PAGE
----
The Solemn Liturgy of Good Friday has many words: the substantial lessons and of course the proclamation of the entire Passion story from the Gospel of St John, plus a sermon. But It is also a liturgy of movement which dates back to the 4th century when pilgrims flocked to Jerusalem on Good Friday to venerate the precious relic of the True Cross, discovered by the Empress St Helena. About the 7th century the practice of devotions before a wooden cross was introduced into local churches for the benefit of the vast majority of Christians who cannot journey to Jerusalem.
Of course Christians come to the cross, to kneel before it, touch it, even kiss it, not to venerate a piece of wood but to give honour and praise to Christ who died on the cross. For many, coming into contact with the hard wood is a reminder of the reality of what he has done, for us and for our salvation.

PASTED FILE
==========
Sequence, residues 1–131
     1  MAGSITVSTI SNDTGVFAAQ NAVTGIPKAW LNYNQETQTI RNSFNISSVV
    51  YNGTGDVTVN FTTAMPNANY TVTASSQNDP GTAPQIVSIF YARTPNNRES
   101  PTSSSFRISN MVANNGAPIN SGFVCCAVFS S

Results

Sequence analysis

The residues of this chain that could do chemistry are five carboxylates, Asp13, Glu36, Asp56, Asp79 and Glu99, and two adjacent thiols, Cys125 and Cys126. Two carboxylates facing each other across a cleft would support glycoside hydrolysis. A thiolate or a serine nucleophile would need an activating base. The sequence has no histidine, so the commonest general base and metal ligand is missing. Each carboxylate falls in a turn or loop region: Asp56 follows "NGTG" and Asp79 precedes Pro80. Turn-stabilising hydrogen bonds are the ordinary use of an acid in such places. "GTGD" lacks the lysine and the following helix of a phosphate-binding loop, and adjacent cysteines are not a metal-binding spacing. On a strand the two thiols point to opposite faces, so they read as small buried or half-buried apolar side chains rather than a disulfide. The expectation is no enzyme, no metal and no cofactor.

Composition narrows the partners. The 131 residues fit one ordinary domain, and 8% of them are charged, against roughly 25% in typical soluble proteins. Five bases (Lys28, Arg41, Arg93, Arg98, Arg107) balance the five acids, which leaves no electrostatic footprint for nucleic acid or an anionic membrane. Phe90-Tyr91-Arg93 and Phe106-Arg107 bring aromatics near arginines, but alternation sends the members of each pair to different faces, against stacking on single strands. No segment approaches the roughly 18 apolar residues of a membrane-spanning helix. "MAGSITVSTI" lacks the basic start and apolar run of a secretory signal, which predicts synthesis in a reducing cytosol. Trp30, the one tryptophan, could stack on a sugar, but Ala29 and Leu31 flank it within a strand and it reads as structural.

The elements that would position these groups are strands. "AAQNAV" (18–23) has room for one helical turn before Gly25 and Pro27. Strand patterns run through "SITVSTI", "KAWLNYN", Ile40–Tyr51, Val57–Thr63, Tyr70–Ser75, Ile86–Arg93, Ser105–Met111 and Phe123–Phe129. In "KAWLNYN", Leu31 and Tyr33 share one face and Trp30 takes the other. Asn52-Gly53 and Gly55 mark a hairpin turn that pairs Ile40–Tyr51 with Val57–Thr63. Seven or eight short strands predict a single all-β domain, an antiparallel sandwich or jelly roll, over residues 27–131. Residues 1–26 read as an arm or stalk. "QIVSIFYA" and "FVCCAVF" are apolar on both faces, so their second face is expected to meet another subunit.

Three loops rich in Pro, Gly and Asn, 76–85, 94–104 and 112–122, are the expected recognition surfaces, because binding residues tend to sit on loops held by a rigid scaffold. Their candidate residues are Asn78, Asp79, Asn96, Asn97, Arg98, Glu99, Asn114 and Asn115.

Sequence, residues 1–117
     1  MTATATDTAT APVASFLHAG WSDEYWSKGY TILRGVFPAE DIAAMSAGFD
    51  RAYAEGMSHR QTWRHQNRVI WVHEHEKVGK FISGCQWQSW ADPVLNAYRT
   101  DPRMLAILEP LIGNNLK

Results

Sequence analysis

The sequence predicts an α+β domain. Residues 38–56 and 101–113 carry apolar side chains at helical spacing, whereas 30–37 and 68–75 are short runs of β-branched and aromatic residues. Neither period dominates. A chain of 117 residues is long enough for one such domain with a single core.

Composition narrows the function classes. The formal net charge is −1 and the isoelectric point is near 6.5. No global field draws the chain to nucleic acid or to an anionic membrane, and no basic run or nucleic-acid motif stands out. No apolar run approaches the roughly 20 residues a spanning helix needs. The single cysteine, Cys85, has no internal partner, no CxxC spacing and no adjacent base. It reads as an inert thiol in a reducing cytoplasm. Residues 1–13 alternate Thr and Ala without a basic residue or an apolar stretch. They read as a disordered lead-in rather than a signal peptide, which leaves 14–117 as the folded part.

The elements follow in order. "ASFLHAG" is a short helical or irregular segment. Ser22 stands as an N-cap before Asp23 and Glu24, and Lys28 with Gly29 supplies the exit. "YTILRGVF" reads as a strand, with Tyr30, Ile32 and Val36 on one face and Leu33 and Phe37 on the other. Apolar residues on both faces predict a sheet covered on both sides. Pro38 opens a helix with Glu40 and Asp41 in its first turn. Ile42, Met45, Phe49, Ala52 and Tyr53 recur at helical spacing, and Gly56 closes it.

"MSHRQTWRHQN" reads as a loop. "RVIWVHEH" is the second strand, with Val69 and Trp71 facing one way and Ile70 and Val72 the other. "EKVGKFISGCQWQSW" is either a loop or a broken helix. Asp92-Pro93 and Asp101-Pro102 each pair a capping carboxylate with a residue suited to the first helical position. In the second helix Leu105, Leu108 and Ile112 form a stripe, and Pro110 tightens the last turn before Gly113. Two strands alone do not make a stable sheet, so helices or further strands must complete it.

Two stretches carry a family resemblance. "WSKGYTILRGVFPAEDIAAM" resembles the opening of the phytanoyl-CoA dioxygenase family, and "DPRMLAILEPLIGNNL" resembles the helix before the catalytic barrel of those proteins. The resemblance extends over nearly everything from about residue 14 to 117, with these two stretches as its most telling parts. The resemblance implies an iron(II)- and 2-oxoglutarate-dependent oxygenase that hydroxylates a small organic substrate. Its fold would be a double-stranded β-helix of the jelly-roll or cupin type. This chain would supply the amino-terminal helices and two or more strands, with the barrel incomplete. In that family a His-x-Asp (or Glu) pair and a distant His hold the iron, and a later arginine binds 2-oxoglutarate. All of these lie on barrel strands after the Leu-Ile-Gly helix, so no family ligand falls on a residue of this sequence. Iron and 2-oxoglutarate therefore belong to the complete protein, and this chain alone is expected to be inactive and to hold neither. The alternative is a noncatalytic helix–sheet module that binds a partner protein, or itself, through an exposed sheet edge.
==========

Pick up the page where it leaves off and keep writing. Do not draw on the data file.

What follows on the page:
So with Christians around the world and across the ages, on this Good Friday in St Thomas Becket Church Hamburg, from the very young to the not so young, the faithful came forward to venerate the cross, each in his or her own way, according to their devotional instinct. It was a dignified, loving, unhurried and prayerful procession of God's people, sustained by the choir and congregational singing of 5 of our best known passiontide hymns.
O Tree of beauty, tree most fair,
Ordained those holy limbs to bear:
Gone is thy shame, each crimsoned bough
Proclaims the King of Glory now.